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On a Given Moment, These Things
By CB Follett

The horse pulling Mike and Jane through Central Park is at the end of a long day, and near the
sailboat pond, where Stuart Little is stranded on his yacht, the horse sags to its knees and
will not get up,

while in Paris, the young women and her Arabian lover slip into the back seat of an armored
Mercedes and cling together as the driver takes off like a started deer

that runs from red jackets deep in the Maine woods but is not quick enough and Evan, who last
week missed a buck with fourteen points, empties his shotgun into the trees,

while the man, who has been enraged into violence is emptying his gun, shot by shot, up and
down the floors of a Chicago high-rise,

as in New Orleans, a blues singer leans against the microphone and tries to swallow it with her
song, wishing she had a man in her life to torch to, the flame of her voice hot

as the fire that Sammy has just lit in the basement of a house on Park Street where he has been
hiding from The Man and where he doesn't know the people upstairs have three children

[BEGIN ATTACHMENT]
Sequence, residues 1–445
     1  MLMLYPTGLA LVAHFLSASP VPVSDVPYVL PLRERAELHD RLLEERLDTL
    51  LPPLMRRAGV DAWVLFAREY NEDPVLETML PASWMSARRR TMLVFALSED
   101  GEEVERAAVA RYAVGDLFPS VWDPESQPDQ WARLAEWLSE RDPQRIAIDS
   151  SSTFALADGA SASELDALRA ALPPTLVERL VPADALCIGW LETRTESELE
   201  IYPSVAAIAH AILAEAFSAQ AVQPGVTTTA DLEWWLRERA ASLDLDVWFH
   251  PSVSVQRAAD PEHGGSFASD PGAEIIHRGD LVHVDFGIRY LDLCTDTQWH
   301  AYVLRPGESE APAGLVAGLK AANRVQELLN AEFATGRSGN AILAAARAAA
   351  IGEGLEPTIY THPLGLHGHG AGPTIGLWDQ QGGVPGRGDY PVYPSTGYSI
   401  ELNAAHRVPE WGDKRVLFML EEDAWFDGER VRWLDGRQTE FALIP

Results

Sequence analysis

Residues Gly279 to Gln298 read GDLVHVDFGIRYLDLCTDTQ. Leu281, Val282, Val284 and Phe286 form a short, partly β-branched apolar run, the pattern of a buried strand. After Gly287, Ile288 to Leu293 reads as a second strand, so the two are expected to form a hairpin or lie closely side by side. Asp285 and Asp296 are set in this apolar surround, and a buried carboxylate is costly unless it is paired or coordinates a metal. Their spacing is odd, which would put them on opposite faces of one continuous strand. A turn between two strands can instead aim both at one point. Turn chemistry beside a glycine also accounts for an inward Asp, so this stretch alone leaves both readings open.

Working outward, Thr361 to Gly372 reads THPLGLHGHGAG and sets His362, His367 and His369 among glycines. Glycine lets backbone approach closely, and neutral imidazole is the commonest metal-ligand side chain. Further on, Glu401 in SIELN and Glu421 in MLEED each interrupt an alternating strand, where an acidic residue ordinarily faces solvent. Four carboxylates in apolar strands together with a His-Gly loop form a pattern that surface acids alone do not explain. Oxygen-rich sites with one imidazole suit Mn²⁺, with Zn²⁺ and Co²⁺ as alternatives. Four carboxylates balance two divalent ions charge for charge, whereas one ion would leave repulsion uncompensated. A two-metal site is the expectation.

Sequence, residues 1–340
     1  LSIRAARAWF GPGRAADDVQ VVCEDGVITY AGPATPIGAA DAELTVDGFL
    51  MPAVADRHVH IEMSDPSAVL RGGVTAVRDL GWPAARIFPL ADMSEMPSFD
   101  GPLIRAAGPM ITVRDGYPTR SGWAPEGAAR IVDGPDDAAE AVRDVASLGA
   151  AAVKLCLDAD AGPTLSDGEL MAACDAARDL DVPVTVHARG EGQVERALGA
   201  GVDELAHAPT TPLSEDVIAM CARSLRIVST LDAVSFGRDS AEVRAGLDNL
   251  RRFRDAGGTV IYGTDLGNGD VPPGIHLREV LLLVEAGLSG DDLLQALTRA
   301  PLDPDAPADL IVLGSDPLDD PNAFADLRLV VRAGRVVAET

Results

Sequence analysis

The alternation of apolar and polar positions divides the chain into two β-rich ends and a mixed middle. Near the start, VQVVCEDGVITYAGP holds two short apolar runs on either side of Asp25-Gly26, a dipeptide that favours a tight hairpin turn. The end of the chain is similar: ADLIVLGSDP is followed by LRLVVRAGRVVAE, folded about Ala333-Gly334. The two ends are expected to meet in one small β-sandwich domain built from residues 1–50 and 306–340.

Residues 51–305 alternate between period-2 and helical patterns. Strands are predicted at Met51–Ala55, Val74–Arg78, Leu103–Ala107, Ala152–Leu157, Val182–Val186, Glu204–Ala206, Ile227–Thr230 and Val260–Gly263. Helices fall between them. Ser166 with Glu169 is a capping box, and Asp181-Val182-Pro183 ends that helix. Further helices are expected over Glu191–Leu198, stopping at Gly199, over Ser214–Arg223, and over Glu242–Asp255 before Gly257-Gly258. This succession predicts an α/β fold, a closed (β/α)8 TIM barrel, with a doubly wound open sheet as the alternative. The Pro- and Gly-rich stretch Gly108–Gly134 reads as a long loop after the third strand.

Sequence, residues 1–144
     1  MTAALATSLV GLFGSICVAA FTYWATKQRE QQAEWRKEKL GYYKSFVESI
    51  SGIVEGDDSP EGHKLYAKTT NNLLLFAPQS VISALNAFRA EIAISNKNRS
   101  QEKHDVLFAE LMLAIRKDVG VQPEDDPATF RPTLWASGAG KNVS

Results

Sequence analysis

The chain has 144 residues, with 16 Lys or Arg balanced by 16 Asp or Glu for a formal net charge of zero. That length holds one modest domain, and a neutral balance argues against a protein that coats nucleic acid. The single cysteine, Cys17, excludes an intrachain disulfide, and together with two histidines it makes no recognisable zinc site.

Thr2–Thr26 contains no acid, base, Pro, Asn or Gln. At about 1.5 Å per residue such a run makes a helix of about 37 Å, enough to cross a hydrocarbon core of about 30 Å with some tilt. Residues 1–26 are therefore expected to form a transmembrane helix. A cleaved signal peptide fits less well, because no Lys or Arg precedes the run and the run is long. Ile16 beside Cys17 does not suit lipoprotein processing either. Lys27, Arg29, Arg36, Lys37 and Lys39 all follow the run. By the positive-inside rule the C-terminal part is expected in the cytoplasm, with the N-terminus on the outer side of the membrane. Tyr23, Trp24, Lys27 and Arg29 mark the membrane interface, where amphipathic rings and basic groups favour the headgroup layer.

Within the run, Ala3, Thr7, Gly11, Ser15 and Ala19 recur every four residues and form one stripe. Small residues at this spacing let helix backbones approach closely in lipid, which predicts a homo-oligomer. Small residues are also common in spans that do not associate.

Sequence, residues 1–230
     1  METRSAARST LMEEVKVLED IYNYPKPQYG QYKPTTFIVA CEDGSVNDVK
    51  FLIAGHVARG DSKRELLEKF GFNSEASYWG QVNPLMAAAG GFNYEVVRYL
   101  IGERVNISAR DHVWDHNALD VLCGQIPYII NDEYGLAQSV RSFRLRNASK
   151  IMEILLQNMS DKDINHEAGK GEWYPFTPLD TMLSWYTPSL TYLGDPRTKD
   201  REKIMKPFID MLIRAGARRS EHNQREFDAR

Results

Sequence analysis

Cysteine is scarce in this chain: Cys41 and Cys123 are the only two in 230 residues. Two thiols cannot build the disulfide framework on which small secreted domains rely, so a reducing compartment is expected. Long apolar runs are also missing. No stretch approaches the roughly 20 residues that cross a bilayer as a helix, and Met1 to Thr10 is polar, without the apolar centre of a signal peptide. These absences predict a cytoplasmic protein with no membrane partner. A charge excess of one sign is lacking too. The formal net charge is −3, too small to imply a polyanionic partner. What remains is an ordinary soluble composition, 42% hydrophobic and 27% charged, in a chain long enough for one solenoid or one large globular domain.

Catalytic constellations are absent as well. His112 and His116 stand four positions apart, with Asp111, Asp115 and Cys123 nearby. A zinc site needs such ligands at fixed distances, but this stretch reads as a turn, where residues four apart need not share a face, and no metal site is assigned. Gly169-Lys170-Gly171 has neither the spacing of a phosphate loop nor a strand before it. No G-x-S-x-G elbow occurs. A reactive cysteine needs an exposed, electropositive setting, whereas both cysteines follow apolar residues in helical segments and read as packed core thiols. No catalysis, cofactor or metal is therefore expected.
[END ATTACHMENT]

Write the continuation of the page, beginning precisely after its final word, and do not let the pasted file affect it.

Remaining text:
and a dog, though he hears some of their noises when he's sober,

like Peter who on Vancouver Island is too drunk to check the oyster farm before the tide sweeps
in, loses his harvest for the day and will get a whack from his missus who is about ready
to call it a day on Peter,

as is Sadie in Reno, who has filed the papers and awaits the decree to be rid of her old man who
will never hit her again. She will not go back to Rye where Gordon will wake up to the
empty bed and see her clothes are gone,

as they are in San Diego, blown off Rita's clothesline by an on-shore wind strong enough to have
a name, Clara and Clara, full of gusto, is ready to take all the West coat clothes as
trophies, carry them up to San Jose,

where once-pretty Sally has only the dress she is wearing, most of its seams a sorry mess and if
Sally can hold on to something steady, Clara will carry all those wind-gathered clothes
and drop them before Sally like an offering,

as Mark is kneeling in The Church of the Crucifixion having lit a candle to Maynard, killed
last week by a hit and run on a pot-holed street in Syracuse, the offering flickering out,

just as Jane's and Mike's horse sinks to its knees in Central Park and will not get up.

Ms. Follett is Publisher and Co-Editor of RUNES, A Review of Poetry.

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Document last modified on: 12/09/2006